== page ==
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Economy

A Nonprofit Looks to Create a Financial Market for Job Training

The organization Pursuit has sold a $10 million bond to finance its job training program. Now it needs participants to pay down the debt with their future earnings. 

Rook Soto, pictured with his son, was an early participant in Pursuit’s job training and income share program.

Rook Soto, pictured with his son, was an early participant in Pursuit’s job training and income share program.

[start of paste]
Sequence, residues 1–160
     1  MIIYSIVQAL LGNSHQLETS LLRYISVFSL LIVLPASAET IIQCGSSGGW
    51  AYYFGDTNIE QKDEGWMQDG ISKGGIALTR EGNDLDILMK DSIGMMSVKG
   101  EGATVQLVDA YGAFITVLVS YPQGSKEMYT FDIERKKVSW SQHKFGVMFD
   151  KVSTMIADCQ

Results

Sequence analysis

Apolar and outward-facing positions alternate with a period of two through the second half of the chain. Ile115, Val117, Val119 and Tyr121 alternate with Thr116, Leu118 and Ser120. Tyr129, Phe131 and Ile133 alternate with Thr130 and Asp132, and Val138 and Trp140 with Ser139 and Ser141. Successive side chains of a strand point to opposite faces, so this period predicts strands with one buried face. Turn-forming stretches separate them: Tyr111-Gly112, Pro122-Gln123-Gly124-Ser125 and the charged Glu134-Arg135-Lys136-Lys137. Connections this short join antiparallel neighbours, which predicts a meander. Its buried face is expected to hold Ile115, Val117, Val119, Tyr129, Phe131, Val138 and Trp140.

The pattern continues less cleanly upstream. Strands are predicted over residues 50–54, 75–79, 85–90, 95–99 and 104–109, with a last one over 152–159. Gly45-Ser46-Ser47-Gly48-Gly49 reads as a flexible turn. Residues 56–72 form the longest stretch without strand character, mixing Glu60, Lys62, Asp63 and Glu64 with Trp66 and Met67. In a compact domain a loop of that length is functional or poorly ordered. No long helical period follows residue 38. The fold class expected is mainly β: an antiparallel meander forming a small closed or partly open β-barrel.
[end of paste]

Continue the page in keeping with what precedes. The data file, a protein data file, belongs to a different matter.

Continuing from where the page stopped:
Photographer: Chantal Heijnen/Pursuit

For a year, Rook Soto commuted from his job at a Manhattan hospital to a coding boot camp in Queens and then back home to the Bronx. Sometimes, the 43-year-old would fall asleep on his subway ride home.

The marathon days paid off, with Soto landing a job making $85,000 at Accenture Plc, more than double his previous salary. But there was a catch. For the next two years, Soto said he paid about $900 a month to Pursuit, the nonprofit that ran the coding boot camp and connected him to Accenture. While the total amount far exceeded the cost of some similar courses, Soto would do it all over again.